Overshoot Model

The output rate is disaggregated by first noting that output quantity is equal to population (P) multiplied by the average consumption level (Q/P). That is:

Q = P * Q/P

However, we are interested in rates, not quantities and levels, so the time element must be included. The equation then becomes:

Q/t = P * (Q/P)/t

This states that the output rate is equal to the population level multiplied by the population's average consumption rate.

Obviously, there are numerous combinations of these two factors that will result in a specific output rate and thus specific environmental effects.

To pick a few examples, an output rate of 200 units per year will result from population-consumption combinations of 100 and 2, 50 and 4, 20 and 10, and 2 and 100.

From the environmental perspective we are interested only in the result — the output rate — and we are therefore indifferent to the specific combination of the two factors that produce the result. Because such relationships arise frequently in economic analysis, standard economists have developed a handy analytical tool to deal with them: the aptly named indifference curve.

The following figure shows how such a curve can be applied here.

Indifference curve
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Any point on the curve represents a combination of population and average consumption rate that results in the same output rate, hence the same area under the curve. Thus, (Q/t)1 = (Q/t)2.

In the graph, population is on the vertical axis and average consumption rate (hereafter simply "consumption ") is on the horizontal axis.

The curve represents all combinations of these two factors that result in the same output rate. Two examples are shown.

At point A population is high and consumption is low. The output rate is the product of these two, represented by the shaded area at left.

At point B population is low and consumption is high. The output rate is the same, as indicated by the equivalent area at bottom.

In the overshoot model this indifference curve is treated as the economy's impact limit — that is, the maximum output rate that does not cause environmental degradation.

The curve thus defines a highly significant boundary: between population-consumption combinations that result in impact sustainability, and those that result in impact overshoot.

This distinction is shown in the following figure.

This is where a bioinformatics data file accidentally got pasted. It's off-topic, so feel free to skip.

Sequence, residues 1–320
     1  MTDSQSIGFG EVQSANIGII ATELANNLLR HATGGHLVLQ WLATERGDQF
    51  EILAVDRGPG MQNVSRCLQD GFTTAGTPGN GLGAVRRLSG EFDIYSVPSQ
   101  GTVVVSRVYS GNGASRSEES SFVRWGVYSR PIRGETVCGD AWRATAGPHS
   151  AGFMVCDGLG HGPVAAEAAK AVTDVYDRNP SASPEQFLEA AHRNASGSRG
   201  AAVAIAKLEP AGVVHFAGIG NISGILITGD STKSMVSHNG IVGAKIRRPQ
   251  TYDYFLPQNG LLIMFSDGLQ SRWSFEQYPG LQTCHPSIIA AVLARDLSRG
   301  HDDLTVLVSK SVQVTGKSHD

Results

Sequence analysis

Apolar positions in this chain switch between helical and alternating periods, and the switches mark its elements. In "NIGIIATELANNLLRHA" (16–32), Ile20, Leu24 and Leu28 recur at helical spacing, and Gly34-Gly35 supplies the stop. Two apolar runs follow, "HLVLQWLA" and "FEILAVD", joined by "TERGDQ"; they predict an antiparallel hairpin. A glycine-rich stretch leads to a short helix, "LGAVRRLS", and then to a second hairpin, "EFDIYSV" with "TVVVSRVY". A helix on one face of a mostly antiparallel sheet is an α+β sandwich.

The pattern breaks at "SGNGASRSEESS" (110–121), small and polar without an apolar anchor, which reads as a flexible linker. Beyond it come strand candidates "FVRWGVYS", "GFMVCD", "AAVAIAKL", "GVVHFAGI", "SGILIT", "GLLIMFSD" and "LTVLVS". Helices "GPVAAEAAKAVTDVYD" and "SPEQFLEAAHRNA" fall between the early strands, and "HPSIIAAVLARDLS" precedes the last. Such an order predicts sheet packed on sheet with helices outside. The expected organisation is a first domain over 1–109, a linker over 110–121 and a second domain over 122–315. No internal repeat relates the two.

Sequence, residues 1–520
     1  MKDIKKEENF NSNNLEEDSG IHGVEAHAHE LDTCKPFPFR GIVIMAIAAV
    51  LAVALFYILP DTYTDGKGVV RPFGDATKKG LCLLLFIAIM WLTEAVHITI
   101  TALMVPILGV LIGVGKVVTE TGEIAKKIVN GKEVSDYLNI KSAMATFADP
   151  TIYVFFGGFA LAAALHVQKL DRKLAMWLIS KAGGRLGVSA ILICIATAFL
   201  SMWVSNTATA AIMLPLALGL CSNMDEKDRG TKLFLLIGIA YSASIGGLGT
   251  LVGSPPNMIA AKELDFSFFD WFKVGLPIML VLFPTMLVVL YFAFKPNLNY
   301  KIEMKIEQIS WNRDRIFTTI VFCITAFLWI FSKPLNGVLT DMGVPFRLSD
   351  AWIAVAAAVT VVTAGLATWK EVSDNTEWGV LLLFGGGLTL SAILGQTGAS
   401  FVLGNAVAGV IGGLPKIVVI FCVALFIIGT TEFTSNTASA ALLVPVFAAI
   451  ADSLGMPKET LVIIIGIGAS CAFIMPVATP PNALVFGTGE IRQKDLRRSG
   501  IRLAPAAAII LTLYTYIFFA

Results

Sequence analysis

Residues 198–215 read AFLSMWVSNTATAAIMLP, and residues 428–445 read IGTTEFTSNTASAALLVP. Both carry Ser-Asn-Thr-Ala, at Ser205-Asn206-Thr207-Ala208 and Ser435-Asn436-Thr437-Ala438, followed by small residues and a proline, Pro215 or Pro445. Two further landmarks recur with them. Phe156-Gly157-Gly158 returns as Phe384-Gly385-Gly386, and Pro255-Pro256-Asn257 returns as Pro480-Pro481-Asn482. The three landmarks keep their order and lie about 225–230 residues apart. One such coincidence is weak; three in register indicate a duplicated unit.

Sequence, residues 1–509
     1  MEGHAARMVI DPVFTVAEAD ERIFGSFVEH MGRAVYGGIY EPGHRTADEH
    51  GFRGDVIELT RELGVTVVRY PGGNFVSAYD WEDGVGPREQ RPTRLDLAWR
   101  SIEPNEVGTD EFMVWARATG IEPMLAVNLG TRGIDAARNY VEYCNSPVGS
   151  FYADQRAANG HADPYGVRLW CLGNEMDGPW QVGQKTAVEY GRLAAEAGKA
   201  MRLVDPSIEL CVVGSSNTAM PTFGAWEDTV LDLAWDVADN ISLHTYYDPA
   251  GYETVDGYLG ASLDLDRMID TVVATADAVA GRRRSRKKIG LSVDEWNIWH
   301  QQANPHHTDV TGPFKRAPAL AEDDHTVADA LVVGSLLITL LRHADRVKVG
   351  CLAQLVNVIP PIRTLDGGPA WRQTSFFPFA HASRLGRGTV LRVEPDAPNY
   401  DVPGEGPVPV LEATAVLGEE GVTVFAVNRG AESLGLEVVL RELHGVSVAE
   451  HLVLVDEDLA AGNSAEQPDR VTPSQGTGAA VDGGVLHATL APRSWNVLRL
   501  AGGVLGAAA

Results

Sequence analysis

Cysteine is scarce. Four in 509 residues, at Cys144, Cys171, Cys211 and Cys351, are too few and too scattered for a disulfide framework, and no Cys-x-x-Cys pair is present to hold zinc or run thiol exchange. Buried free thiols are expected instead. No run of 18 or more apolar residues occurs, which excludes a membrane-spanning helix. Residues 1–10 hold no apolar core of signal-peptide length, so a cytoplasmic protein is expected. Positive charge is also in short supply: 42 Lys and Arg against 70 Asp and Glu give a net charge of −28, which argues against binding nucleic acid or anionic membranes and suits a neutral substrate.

Impact sustainability and overshoot
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Here the indifference curve represents the impact limit. All points on or below the curve, such as A, represent impact sustainability. All points above the curve, such as Z, represent impact overshoot.

Here point A indicates impact sustainability.

For any point on this side of the curve, the output rate is below the maximum sustainable level, and the area underneath the curve is smaller than those in the preceding figure.

For any point on the other side of the curve, such as point Z, the output rate is above the maximum sustainable level, and the area underneath the curve is larger than those in the top figure.

If you are unclear as to why these areas represent the output rate, remember that the area of a rectangle is calculated by multiplying the length of its two sides. In the graph these lengths are represented by P and (Q/P)/t.

If we multiply these two dimensions the P's cancel out, leaving Q/t — the output rate.

The model in the this figure is already somewhat useful, but it lacks two essential features: the resource limit, and a way to represent ecological efficiencies.

The resource limit is straightforward. It is similar to the impact limit in that it is violated by an excessive output rate. It can therefore be represented by a similar curve, although one that is closer to the graph's origin.

The reason for this can be seen by referring to the graph depicting overshoot: the resource limit was historically reached before the impact limit, and the curve must therefore represent a lower output rate.

The following figure shows both limits.

Resource limit and impact limit
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These two curves depict the two ecological limits. Because the world economy first encountered the resource limit, this is placed below the impact limit.

As you can see, there are now three possibilities for the world economy. It can be at a point such as A, in which case it has violated neither the resource nor the impact limit, and is therefore fully sustainable.

It can also be at a point such as B, in which case it has violated the resource limit but not the impact limit. The economy is therefore in resource overshoot but not in impact overshoot.

Finally, the economy can be where it is today: at a point like Z, which signifies both resource and impact overshoot.

Ecological efficiencies are incorporated into the model by noting that higher efficiencies permit the output rate to rise without increasing the resulting environmental effects. This is why, in the figure illustrating overshoot, improved efficiencies shift the impact limit to the right.